Most articles on this subject invite you to put yourself in a box (or an oval, square, or “squoval”). If your face is oval in shape, good news: You can wear any style! Square? Hmmm… you need to be softened. Rectangle? Disguise those corners! Sharp angles need airy layers; roundness must be elongated. It’s limiting, and it’s negative, frankly. That is exactly why we asked iconoclastic scissor wizard Wes Sharpton to break down the conventions and give us another way to look at haircutting – which is a couture experience that doesn’t fit in any box of any shape – and neither should your face, angles and all.
“A long time ago, I made a vow to not have conversations with my clients that are focused on face shape. The media asks you to look at yourself, find what you don’t like, and then run to your hairdresser and ask for ways to hide it. God forbid that you have a square jawline and get a bob! That’s not a conversation that I want to be a part of anymore. Here at Hairstory, we talk a lot about being in a new world where old rules don’t apply – and the old rules involve a lot of body-shame.
I am interested in redirecting the conversation. It’s the same as looking at a curvy girl, and saying, ‘Don’t wear anything form-fitting.’ I find that hiding behind our hair because we aren’t perfect little ovals is not a message that we need to stand behind. At the same time, how do I approach a consultation if those rules are taken away, or a client comes in saying, ‘I’m square so I can’t have this,’ or ‘I’m round so I can’t have that?’
“I find that hiding behind our hair because we aren’t perfect little ovals is not a message that we need to stand behind.”
Instead, Why not have a conversation about what we like? Rather than looking at yourself in the mirror and thinking, ‘Oh God, I’m not an oval,’ think: ‘Oh my God! I have really amazing eyes!’ Then go to your hairdresser and say, ‘How do we celebrate my eyes? What can we do to bring focus to what’s really great about me?’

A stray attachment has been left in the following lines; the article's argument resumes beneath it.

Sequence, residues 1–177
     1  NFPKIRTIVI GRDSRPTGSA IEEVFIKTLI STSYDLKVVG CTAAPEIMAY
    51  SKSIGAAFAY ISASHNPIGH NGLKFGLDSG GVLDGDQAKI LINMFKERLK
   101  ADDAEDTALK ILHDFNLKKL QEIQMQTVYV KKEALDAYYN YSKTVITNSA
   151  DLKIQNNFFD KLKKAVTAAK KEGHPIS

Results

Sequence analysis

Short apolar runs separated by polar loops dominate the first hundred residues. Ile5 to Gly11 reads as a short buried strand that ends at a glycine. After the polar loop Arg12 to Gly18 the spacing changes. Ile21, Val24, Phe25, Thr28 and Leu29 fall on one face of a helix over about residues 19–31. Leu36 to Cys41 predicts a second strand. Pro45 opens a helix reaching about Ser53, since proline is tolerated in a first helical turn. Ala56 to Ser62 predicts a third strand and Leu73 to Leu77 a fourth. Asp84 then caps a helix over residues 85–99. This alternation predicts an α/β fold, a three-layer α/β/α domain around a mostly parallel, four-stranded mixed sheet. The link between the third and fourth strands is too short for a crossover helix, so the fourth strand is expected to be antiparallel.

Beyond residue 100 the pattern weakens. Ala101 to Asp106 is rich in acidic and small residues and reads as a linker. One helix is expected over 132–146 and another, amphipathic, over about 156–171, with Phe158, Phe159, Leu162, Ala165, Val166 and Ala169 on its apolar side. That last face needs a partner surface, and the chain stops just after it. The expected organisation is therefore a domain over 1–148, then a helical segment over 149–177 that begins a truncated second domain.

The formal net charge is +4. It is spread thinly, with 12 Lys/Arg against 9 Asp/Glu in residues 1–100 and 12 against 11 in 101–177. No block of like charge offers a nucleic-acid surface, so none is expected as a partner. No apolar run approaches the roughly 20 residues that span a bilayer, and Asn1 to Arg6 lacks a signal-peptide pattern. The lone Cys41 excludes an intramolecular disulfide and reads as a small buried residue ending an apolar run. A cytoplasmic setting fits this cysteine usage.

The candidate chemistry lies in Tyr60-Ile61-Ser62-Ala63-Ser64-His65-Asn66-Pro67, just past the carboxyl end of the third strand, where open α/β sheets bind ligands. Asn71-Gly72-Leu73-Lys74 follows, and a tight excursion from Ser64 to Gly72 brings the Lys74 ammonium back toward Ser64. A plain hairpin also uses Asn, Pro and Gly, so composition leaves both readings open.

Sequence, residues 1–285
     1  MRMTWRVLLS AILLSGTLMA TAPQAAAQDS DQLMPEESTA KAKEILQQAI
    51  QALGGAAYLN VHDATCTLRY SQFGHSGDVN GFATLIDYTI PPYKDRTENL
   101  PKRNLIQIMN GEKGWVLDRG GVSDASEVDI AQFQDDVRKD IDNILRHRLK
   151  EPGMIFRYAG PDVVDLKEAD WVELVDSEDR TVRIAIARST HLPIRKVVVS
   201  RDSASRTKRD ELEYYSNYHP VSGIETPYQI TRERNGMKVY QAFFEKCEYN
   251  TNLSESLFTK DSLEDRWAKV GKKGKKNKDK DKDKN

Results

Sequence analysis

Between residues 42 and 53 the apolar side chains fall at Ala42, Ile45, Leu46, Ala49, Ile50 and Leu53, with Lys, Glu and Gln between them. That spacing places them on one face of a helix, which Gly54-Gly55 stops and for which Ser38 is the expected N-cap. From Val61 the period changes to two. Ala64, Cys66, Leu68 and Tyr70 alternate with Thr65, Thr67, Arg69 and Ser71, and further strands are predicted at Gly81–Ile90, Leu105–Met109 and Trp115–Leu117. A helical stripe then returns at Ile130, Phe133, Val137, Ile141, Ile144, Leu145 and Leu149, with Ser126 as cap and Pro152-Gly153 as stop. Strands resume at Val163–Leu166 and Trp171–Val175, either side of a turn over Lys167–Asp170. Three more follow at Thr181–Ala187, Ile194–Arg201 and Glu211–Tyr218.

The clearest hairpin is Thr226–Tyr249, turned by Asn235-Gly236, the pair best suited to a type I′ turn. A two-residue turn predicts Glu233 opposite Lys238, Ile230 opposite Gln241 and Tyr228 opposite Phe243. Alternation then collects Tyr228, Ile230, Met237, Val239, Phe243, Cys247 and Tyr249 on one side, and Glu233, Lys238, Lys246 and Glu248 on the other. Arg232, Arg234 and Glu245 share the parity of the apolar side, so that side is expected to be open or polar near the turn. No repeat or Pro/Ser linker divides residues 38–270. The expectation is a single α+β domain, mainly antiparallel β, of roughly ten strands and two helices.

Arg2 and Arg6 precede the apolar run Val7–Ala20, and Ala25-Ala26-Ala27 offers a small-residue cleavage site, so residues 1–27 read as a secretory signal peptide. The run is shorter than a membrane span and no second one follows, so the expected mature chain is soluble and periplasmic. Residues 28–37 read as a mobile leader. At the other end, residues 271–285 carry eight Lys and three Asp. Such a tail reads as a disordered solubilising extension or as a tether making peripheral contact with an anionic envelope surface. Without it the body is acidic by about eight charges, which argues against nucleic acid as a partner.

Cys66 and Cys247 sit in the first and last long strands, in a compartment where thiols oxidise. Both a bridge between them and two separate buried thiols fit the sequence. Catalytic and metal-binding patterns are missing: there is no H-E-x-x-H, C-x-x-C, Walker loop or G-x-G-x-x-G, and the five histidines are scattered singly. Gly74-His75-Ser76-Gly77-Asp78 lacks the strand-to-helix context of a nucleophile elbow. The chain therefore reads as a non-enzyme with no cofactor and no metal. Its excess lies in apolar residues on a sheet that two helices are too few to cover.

So, this idea of celebration allows me to look someone in the eye and say, ‘I really like this about you, and if we add a little bang, or cut this little corner off, or bring that line right to your jaw and celebrate it,’ the conversation becomes more exciting. The power of owning who you are and what you look like is something that I hope for myself and for others.
I remember watching a Diana Vreeland documentary and thinking how great she was at celebrating almost everything. She was the one person who looked at Barbra Streisand’s famous nose and said, ‘Shoot her in profile.’ You look at that photo and she looks confident and proud. So I thought, ‘What if we could inject that into hairdressing? How can we look at people in a fresh way that leads to different conversations that will resonate when they look at themselves at home?’ At the end of the day, fuck that whole face shape thing!
“As a hairdresser, I have the luxury to see you as you are – and not as you view yourself – because I don't have to look through your lens.”
When we’re thinking about a face, we want to discover what we can reveal and think about how to do it. So look at yourself in the mirror honestly and make a positive assessment. Shift that lens. As a hairdresser, I have the luxury to see you as you are – and not as you view yourself – because I don't have to look through your lens.
Maybe your hairdresser can even help you celebrate that thing that you think is so terrible. I’ve cut off a lot of hair in my time, and I don't think it’s necessarily the answer for everyone, but it is an exercise in how to navigate the world when you can’t hide behind hair. How do you stand when you are fully exposed?
If I cut your hair off and it launches an emotional journey, the value isn’t just in a great-looking result; it lies in the fact that you can get through discomfort to self-acceptance in 45 minutes. And you have a physical manifestation of the process. You get to take it outside into the world and see how people respond – which may be very different than what you expect.